Predicting the Fire Hose? A Sampling of Predictions
The Association for Computing Machinery (ACM), a venerable organization, published a book on the 50th anniversary of computing in 1996 called Special ACM 50th-Anniversary Issue: Strategic Directions in Computing Research
, by Wegner and Doyle. The authors, in looking back over those fifty years, saw that many of the predictions about technology -- with notable, laughable exceptions -- were at least in the ballpark. But predictions about how humans would use the technology were almost always wrong.
Therefore, it's interesting that even though Web 2.0 is often called the social
Web, emphasizing human use of technology, we get more predictions than ever. Technology might have been predictable when computing was "big iron," but what about the chimerical social web? Still, it's the tech award and prediction season, so let's check out what's going on.
Checking in with the 2008 Horizon Report
, we find categories
of technology that the New Media Consortium and EDUCAUSE-sponsored report thinks are "on the horizon" for higher education this coming year. We find:
- Grassroots video
- Collaboration webs
- Mobile broadband
- Data mashups
- Collective intelligence
- Social operating systems
Note that 5 of these 6 work in Web 2.0 space. Grassroots video is content creation, collaboration webs refers to where you share the video, mobile broadband is how others get access to the video, data mashups allows your video to become part of a larger "show," collective intelligence may then popularize that mashup, and social operating systems (if we ever get one) could get your mashup into applications organized within the Web desktop.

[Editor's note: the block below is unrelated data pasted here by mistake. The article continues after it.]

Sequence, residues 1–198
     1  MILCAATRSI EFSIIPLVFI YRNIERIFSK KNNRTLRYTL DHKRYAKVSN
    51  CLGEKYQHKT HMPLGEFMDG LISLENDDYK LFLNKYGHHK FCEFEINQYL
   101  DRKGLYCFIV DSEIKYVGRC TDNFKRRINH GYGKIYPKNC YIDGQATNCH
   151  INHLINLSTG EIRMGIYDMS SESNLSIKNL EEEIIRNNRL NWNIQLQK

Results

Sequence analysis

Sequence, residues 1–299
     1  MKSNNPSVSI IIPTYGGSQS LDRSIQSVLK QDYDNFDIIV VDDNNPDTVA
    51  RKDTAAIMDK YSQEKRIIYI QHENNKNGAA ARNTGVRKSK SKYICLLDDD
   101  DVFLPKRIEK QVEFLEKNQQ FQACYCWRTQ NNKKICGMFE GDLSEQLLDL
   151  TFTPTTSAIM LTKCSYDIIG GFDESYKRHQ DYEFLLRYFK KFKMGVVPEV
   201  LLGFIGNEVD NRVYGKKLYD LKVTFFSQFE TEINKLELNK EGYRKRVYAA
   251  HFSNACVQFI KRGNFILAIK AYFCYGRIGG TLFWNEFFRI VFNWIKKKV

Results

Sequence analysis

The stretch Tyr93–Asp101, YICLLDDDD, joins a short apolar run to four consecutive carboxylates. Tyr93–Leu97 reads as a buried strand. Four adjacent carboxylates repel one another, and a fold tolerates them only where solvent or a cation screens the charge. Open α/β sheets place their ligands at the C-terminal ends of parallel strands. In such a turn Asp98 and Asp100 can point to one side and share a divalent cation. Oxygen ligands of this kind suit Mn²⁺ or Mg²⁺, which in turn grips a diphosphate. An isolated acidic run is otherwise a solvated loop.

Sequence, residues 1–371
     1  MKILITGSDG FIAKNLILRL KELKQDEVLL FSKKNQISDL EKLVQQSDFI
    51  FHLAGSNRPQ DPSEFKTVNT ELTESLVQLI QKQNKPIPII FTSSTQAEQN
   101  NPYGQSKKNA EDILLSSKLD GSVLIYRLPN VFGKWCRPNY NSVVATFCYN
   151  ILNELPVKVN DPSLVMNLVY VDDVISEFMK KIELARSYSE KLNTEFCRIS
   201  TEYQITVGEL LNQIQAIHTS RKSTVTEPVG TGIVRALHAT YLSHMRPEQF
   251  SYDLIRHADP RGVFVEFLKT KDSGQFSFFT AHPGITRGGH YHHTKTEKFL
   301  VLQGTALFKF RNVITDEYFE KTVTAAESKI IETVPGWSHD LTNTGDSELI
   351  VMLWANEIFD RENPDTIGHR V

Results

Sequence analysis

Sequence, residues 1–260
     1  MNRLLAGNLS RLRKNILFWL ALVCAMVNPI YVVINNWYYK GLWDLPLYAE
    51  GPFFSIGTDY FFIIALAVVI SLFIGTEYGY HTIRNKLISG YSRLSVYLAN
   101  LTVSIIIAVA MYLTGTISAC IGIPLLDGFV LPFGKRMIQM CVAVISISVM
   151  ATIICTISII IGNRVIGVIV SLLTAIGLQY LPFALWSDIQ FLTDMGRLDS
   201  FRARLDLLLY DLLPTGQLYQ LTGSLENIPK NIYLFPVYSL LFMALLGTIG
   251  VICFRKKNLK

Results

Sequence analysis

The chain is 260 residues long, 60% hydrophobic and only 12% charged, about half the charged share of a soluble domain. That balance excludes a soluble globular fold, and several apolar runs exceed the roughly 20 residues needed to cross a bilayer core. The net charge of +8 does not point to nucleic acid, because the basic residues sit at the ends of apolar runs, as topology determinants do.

And, now, for the Crunchies, awards for best tech innovations in a number of categories announced in the middle of January 2008 (www.nmc.org/pdf/2008-Horizon-Report.pdf
). These are the Web 2.0 winners:
The list above is about half of the total list and comes mostly from the data mashup and collective intelligence categories.
But, if you check the predictions at the ReadWriteWeb site (www.readwriteweb.com/archives/2008_web_predictions.php
) we are forewarned that some or many of these sites and others will be purchased this year.
So, we know that Web 2.0 will continue as a major growth industry for the next few years, and that right now many sites are apparently being created with the idea of being purchased in a couple of years. And notably, these sites are eagerly exploiting the wonders of AJAX.
The ReadWriteWeb also suggests what will grow from the collective intelligence thrust, such as:
- Mashup alternatives to Wikipedia, including the Knol Project from Google
- Wikipedia-like tools like Twine (www.twine.com
) and Freebase (www.freebase.be/
- Search tools like Hakia (www.hakia.com
, in beta) and Powerset (www.powerset.com
, under construction)
- Semantic technologies like AdaptiveBlue (www.adaptiveblue.com
) and Snap (www.snap.com
- A Web OS that runs in a browser, perhaps something like YouOS (www.youos.com
, in alpha testing)
- Web office space and tools like Zoho (www.zoho.com
) and Thinkfree (www.thinkfree.com
- OpenID as envisioned by the OpenID Foundation (http://openid.net/
A Web operating system? An accelerated OpenID deployment? Is there actually hope for surviving the fire hose of Web 2.0? And what does all this mean about Web 2.0? Will we reach a tipping point in 2008 or 2009 where the creative burst will be balanced by organizing and managing technologies? Or is Web 2.0 just beginning the growth spurt that will be accelerated by attempts such as the OpenID foundation to create pathways and security? As it's been said before, the emergence of the Web 2.0/3.0 phenomenon will dwarf the impact of Web 1.0 that we've seen over the past fifteen years.